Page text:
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Written by: Mary Brintnall-Peterson, Ph.D., MBP Consulting, LLC, Professor Emeritus, UW-Extension

As a professional, you hear over and over again caregivers expressing how guilty they feel about something that happened or didn’t happen. Their guilt is told in stories of being unkind, ugly or short -tempered with their care receiver. They wish they hadn’t reacted the way they did, had been kinder, more loving or hadn’t done what they did. Their guilt surfaced as “what ifs,” “if only” and “should.”

As someone who caregivers turn to for insights, you can help caregivers understand that guilt is natural.  It involves saying or doing something that causes someone to be hurt or wronged. Guilt occurs when they have some responsibility or control over the situation. It is a reactive emotion to something that happened in the past which violated the caregiver’s moral perspective. Guilt often bothers the caregiver for a long time and if not dealt with can cause sleepless nights, unhappiness and depression.

Sometimes what a caregiver describes isn’t guilt, but regret. Regret is wishing that things or the situation could be different. It is a feeling of disappointment or distress when a situation is not the way they would like.  Here’s an example—a caregiver shares they are feeling guilty because John, her husband (recovering from an infected amputated leg), fell while she was at the grocery store. Did she cause John to fall? Was it because she went to the grocery store that John fell? The answer to both questions is no—she is feeling regret about John falling (not guilt) as she is distressed about the fall and wishes it hadn’t happened.

Understanding Guilt

As you work with caregivers help them understand that guilt can be a painful emotion and too much can be destructive.  It’s critical for them to know whether they are feeling guilt or regret.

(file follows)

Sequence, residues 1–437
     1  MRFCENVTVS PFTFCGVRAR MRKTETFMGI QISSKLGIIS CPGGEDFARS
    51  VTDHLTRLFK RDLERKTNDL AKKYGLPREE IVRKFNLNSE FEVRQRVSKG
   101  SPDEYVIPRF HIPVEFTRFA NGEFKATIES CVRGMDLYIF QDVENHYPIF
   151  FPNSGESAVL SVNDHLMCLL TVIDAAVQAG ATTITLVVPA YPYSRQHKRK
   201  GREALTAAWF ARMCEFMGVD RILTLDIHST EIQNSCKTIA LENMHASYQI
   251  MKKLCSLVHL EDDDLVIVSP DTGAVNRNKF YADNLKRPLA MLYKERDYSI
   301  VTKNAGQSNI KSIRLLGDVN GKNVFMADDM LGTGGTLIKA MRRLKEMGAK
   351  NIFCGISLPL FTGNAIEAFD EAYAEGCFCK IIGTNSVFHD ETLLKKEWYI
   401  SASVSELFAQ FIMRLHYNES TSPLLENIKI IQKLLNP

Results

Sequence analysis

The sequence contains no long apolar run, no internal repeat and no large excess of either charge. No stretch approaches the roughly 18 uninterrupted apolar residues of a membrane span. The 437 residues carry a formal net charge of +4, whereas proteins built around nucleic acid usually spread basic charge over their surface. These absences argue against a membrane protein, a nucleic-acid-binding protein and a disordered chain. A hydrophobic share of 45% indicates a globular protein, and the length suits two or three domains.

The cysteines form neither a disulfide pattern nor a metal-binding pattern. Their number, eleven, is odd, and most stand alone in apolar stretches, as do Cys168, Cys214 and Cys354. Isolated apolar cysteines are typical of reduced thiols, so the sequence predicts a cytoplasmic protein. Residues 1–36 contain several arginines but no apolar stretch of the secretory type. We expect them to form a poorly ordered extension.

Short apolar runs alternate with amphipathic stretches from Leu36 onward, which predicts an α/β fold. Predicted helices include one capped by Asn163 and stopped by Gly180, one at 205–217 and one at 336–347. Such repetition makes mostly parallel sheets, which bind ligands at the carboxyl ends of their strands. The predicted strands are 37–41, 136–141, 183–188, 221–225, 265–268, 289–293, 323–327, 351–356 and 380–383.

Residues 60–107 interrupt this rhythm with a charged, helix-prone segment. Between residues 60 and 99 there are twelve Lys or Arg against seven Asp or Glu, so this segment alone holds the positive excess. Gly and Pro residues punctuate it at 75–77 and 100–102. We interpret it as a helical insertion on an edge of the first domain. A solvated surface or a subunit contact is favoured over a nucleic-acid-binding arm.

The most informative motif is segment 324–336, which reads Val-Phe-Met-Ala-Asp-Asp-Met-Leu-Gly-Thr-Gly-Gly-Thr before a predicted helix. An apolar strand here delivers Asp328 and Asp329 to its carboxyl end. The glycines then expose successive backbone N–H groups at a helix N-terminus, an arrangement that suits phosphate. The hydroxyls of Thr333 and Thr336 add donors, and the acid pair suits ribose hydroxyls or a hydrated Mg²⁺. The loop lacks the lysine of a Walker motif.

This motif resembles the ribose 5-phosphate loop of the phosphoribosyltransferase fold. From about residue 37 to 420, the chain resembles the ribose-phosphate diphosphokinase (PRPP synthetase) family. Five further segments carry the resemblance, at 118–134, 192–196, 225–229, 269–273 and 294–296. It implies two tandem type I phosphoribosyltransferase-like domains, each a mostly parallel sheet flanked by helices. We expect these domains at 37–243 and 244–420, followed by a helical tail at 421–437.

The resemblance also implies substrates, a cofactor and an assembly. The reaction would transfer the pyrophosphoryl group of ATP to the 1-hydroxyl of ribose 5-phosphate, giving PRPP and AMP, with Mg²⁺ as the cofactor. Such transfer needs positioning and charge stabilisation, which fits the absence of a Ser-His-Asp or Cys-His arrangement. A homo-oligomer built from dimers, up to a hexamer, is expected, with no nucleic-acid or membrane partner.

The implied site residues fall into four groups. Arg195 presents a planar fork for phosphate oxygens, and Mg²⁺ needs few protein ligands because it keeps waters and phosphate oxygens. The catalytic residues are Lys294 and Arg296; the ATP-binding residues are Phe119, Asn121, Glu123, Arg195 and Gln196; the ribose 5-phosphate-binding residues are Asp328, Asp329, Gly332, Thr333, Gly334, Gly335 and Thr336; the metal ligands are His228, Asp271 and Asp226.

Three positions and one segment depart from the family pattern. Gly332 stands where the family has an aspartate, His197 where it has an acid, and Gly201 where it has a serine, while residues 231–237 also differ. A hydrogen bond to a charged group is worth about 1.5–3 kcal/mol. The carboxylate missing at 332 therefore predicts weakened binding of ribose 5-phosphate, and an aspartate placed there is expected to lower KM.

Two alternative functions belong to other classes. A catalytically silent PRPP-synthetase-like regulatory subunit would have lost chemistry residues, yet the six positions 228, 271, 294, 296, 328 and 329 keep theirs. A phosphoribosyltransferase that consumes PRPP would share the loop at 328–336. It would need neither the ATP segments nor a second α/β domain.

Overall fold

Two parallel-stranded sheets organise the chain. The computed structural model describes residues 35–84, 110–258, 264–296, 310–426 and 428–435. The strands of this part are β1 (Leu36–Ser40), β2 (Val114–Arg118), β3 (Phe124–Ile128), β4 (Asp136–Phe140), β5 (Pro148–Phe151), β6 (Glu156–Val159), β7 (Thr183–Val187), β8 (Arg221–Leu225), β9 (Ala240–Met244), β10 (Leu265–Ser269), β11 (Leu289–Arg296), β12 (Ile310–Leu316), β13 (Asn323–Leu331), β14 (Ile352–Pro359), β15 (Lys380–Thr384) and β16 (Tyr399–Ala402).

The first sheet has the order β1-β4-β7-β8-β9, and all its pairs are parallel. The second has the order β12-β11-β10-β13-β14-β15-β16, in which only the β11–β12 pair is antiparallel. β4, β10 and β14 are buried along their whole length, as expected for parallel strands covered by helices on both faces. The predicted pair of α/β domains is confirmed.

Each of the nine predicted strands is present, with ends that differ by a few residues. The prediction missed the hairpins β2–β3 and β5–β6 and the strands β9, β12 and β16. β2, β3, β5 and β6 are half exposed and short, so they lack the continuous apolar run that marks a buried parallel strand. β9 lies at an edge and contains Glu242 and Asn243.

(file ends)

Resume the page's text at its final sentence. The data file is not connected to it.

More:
The following two questions are key in determining if someone is feeling guilt:

(1.) Is there a direct cause and affect relationship between what they did or didn’t do resulting in harm to the care receiver?

(2.) Did they do something wrong or say something they shouldn’t have said that resulted in the care receiver being hurt?

If the answer to these questions is yes, then they are experiencing guilt. So the next step is to find positive ways to react to their guilt.  Some suggestions include:

  • Admit responsibility for what they did or said.
  • Apologize and/or ask for forgiveness from the person they have hurt, harmed or wronged.
  • Attempt to make the situation better.
  • Talk with a friend who can help them come to terms with their feelings by being understanding and supportive.
  • Identify and understand their responsibilities as a caregiver. Make sure they have realistic expectations of what they can and can’t do.
  • Focus on what they have done that is positive, good and right. Doing this helps them counter balance their guilt feelings.
  • Learn from their experience and try not to make the same mistake again.
  • Realize they are human and make mistakes especially when under a lot of stress.
  • Seek professional help if their guilt persists and consumes their thoughts.

As a professional who works with caregivers be on the look-out for signs of caregivers dealing with guilt. Help them figure out whether they are feeling guilt or regret and how to deal with it.  The bottom line is help them understand that addressing their guilt is one way they care for themselves. Remind them they are not alone in their caregiver journey and to hang in there.